/etc/letsencrypt/live/ Your cert will
expire on 2017-11-19. To obtain a new or tweaked version of this
certificate in the future, simply run certbot-auto again. To
non-interactively renew all of your certificates, run
"certbot-auto renew"
- If you like Certbot, please consider supporting our work by:
Donating to ISRG / Let's Encrypt:
Donating to EFF:

Your certificates will be created and saved in the following directories:


To install on Apache httpd-ssl.conf, you will only use 3 of these files: chain.pem, cert.pem, privkey.pem

To configure inside Apache2, use the following configuration files:


Before configuring these two config files we need to know a few things to secure the system. We are going to install Apache as a reverse proxy and run all the Jenkins requests through it, and have a transparent redirect from HTTP to HTTPS on both port 80 and on port 8081, where Jenkins will live.

Login to terminal as root.

Verify that httpd.conf is listening on port 80 and httpd-ssl.conf should listen on port 443.

Configure Apache as a reverse proxy and enable SSL

For these you need to configure httpd.conf (/etc/apache2/httpd.conf)

[server:~/apache2] root# vi httpd.conf 

The config file should look as follows:

Listen *: 80

# Uncomment these lines for modules:

LoadModule headers_module modules/
LoadModule proxy_module modules/
LoadModule proxy_ajp_module modules/
LoadModule proxy_http_module modules/
LoadModule rewrite_module modules/
LoadModule socache_shmcb_module modules/
LoadModule ssl_module modules/
LoadModule vhost_alias_module modules/</p>

ServerName localhost:80

# Deny access to the entirety of your server's filesystem. You must

# explicitly permit access to web content directories in other

# <Directory> blocks below.

<Directory />

    Options Indexes FollowSymLinks MultiViews

    AllowOverride none

    Require all granted


Note: Require all should be granted.

Check the config files to ensure nothing is missing:

[DN312:/etc/apache2] root# apachectl configtest
        Syntax OK 

Voila! You have no errors.

Lastly, make sure to verify the snippet below is not commented out in the httpd.conf file in the “Supplemental configuration” section:

# Supplemental configuration
# The configuration files in the /private/etc/apache2/extra/ directory can be 
# included to add extra features or to modify the default configuration of 
# the server, or you may simply copy their contents here and change as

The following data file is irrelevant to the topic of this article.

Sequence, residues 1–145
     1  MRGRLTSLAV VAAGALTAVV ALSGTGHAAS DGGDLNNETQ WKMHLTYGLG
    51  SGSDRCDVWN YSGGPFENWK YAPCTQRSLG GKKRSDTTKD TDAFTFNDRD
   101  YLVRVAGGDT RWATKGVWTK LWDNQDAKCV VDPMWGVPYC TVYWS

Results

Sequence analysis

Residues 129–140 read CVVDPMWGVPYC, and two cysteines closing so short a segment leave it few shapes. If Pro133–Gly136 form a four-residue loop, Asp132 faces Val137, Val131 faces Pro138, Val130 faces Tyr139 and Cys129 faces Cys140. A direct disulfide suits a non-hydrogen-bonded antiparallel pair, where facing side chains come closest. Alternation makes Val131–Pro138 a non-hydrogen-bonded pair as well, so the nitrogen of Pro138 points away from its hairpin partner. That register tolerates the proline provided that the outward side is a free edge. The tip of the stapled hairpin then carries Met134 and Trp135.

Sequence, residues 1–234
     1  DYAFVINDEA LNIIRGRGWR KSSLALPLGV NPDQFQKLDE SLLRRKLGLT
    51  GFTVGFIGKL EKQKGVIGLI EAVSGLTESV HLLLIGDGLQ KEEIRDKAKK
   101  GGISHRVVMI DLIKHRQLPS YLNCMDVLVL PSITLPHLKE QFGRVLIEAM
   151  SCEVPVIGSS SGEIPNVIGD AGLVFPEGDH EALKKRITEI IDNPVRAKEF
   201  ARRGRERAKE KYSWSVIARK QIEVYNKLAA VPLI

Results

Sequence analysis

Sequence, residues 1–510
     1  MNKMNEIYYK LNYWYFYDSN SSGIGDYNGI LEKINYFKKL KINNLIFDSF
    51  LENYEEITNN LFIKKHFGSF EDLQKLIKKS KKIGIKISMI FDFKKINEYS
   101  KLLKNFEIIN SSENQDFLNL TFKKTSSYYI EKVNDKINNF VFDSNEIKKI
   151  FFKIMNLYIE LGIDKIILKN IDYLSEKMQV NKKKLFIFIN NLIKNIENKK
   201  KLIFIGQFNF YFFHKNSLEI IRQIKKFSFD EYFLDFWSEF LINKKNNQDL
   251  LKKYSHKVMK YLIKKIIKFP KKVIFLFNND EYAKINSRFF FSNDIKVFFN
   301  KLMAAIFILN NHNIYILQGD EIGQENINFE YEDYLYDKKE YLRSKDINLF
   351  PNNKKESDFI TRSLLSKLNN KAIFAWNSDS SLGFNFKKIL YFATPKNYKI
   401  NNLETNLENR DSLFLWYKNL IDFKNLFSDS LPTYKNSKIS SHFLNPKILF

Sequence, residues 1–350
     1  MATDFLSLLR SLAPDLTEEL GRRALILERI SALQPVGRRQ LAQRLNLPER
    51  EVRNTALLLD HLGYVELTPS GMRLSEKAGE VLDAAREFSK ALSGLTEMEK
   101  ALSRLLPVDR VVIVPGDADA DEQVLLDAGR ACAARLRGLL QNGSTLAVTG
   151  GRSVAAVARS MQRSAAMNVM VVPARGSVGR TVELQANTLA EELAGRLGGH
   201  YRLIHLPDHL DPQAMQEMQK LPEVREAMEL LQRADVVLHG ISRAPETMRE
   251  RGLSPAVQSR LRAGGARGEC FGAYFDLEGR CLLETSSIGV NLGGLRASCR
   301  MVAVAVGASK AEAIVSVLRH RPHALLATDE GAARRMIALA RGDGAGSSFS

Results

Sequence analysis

# necessary.

# Server-pool management (MPM specific)
Include /private/etc/apache2/extra/httpd-mpm.conf

# Fancy directory listings
Include /private/etc/apache2/extra/httpd-autoindex.conf

# Virtual hosts
Include /private/etc/apache2/extra/httpd-vhosts.conf

# Configure mod_proxy_html to understand HTML4/XHTML1
<IfModule proxy_html_module>
Include /private/etc/apache2/extra/proxy-html.conf


# Secure (SSL/TLS) connections
Include /private/etc/apache2/extra/httpd-ssl.conf
# Note: The following must must be present to support
#       starting without SSL on platforms with no /dev/random equivalent
#       but a statically compiled-in mod_ssl.
<IfModule ssl_module>
SSLRandomSeed startup builtin
SSLRandomSeed connect builtin

Include /private/etc/apache2/other/*.conf 

That’s it with httpd.conf.

Moving onto the /etc/apache2/extra/httpd-ssl.conf file:

[server:~/apache2/extra] root# vi httpd-ssl.conf
Listen *:443
<VirtualHost _default_:443>
#   General setup for the virtual host
#DocumentRoot "/Library/WebServer/Documents"
ErrorLog "/private/var/log/apache2/error_log"
TransferLog "/private/var/log/apache2/access_log"
#   SSL Engine Switch:
#   Enable/Disable SSL for this virtual host.
SSLEngine On 

Ensure the lines are not commented out and are available.

Insert the certificates which are generated by giving the path of the Cert and should like these:

SSLCertificateFile "/private/etc/letsencrypt/live/"
#SSLCertificateFile "/private/etc/apache2/server-dsa.crt"
#SSLCertificateFile "/private/etc/apache2/server-ecc.crt"

#   Server Private Key:
#   If the key is not combined with the certificate, use this
#   directive to point at the key file.  Keep in mind that if
#   you've both a RSA and a DSA private key you can configure
#   both in parallel (to also allow the use of DSA ciphers, etc.)
#   ECC keys, when in use, can also be configured in parallel
SSLCertificateKeyFile "/private/etc/letsencrypt/live/"
#SSLCertificateKeyFile "/private/etc/apache2/server-dsa.key"
#SSLCertificateKeyFile "/private/etc/apache2/server-ecc.key"

#   Server Certificate Chain:

#   Point SSLCertificateChainFile at a file containing the
#   concatenation of PEM encoded CA certificates which form the
#   certificate chain for the server certificate. Alternatively
#   the referenced file can be the same as SSLCertificateFile
#   when the CA certificates are directly appended to the server
#   certificate for convenience.
SSLCertificateChainFile "/private/etc/letsencrypt/live/" 

You should insert the following lines after the certificates are given. It is the key concept allowing your apache to act as a reverse proxy and your server to be secure (https).

ProxyRequests Off
ProxyPreserveHost On
AllowEncodedSlashes NoDecode
<Proxy *>
  Order deny,allow
  Allow from all
ProxyPass  / nocanon
ProxyPassReverse /
RequestHeader set X-Forwarded-Proto "https"
RequestHeader set X-Forwarded-Port "443" 

Now you should be able to configure apache as reverse proxy and your https URL will work fine with the newly generated certificates.

Securing Jenkins on Mac OS X with Let's Encrypt